We read in the Bible that Jesus Christ, the Son of God, dealt the devil a decisive blow and having floored him as in a boxing ring; Christians have been delivered a victory in which they must walk. If evil, such as we find in witchcraft were merely mythical, Jesus would not have included the line “deliver us from evil” in his prayer. Thus, for the average African Christian, the Bible is never a mere textbook. It is the word of God and those Christians who have come out of traditional religion into faith in Christ, believe that in him, all things work together for our good. Prosperity—the gift of children, money, good health, promotion, success and the like—as originating from God, already existed in African culture before American televangelism started promoting these things in the media. The gospel of Jesus Christ, I have heard African preachers say, is not a “gospel of poverty.” Poverty is not a biblical virtue and part of the African disenchantment with Western mission Christianity actually lay in the fact that poverty—whether consciously or unconsciously—was made synonymous with spirituality. Prosperity preaching in Africa is a critique of the Western biblical hermeneutic on poverty and spirituality.
Evil and Existential Prosperity
Contemporary Pentecostalism has become popular because it presented matters in a different light. God rewards Christian faithfulness on this earth, and not just in heaven. Pentecostalism is popular because it has an existential message in which the believer in Christ has the authority to cast out evil and open the way for good and prosperity. We love Pentecostalism because it is able to accommodate and make sense of the African worldview in a way that mission Christianity was not able to do. In Pentecostalism, the powers of evil, which are also present in the traditional world, are not dismissed as powerless myths. Pentecostals believe that Jesus has given them the authority through spiritual warfare to overcome these powers of evil.
Prosperity and Materialism
What did Paul say about Jesus and the conquest of evil? “He disarmed the rulers and authorities and made a public example of them, triumphing over them in it” (Col 2:15). The triumph over evil releases the blessing of Christ in both its spiritual and physical forms. There are serious questions regarding the materialism that some prosperity preachers tell us is biblical and that attempt to Christianize American consumerist values. Doubtless, some African preachers have been influenced by that form of prosperity. Greed and covetousness are a human problem—not African or American.What needs to be challenged is not “prosperity” in terms of wellbeing or flourishing, but rather, the gospel of materialism. The two have been confused for a very long time. However, prosperity and materialism are two different things. The Bible never promises that Christians will not have pain or suffer (despite what some preach on the African airwaves). What needs to be challenged is not “prosperity” in terms of wellbeing or flourishing, but rather, the gospel of materialism. The two have been confused for a very long time. Materialism is what Jesus warned against: “a man’s life,” he said, “does not consist in the abundance of his possessions” (Luke 12:15).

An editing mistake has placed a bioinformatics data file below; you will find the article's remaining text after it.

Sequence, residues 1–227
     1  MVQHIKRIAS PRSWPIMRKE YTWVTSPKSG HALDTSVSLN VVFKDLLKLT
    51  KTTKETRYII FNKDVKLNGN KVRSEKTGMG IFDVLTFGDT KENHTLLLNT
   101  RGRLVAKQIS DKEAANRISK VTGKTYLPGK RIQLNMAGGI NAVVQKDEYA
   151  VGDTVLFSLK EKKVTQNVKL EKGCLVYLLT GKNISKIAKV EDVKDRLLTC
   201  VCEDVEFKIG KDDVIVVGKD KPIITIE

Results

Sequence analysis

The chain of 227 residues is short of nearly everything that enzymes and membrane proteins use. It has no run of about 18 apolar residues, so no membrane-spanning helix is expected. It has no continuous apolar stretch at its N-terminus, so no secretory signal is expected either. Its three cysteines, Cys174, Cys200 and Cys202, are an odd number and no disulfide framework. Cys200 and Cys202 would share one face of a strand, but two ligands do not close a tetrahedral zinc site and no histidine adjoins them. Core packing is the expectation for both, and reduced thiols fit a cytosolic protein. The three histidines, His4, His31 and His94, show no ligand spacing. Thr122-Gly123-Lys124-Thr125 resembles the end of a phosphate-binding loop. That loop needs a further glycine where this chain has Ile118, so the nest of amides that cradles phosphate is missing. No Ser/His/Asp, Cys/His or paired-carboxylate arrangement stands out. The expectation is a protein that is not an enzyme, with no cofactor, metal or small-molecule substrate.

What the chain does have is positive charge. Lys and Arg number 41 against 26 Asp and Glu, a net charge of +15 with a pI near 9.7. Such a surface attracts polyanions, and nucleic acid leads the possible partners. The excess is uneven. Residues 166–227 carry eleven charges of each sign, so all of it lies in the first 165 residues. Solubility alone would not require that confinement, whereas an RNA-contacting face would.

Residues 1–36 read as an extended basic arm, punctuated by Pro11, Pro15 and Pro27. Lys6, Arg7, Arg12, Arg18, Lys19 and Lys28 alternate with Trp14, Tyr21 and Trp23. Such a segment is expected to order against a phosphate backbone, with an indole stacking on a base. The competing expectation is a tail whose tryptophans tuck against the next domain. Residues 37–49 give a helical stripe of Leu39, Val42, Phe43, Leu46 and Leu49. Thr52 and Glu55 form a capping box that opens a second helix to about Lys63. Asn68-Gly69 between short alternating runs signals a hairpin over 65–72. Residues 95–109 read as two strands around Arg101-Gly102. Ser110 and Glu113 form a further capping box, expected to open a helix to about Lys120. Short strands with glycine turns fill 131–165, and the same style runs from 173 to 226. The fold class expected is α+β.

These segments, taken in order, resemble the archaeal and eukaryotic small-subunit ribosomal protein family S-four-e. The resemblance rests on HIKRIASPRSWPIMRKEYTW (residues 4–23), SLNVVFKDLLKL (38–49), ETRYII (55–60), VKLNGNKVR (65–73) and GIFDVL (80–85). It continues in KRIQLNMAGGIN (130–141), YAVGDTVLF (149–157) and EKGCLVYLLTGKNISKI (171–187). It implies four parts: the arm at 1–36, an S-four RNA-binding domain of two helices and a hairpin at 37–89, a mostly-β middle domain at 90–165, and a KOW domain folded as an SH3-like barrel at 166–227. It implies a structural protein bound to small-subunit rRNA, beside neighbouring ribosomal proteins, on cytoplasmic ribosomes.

In the Bible, possessions are not denounced as evil as such. What Jesus chastised people for was materialism, living as if material things constituted ends in themselves, which is a form of idolatry. The prosperity message will not go away from African Christianity because the African context itself is one in which religion serves as a survival strategy. Even within the traditional African religio-cultural setting, libation prayer is very petitionary. During prayer, the transcendent realm of gods, ancestors, and other benevolent powers are petitioned for good health, longevity, fruitfulness, and communal prosperity and wellbeing. The concluding segments of such prayer is reserved for cursing evil, to subjugate and eliminate those malevolent powers that take away from human flourishing. It explains the strong affinity that has developed between African Pentecostal Christianity in particular and the world of the Old Testament where the supernatural, in terms of God’s decisive dealings with evil, are very evident and where wealth is a sign of his blessing.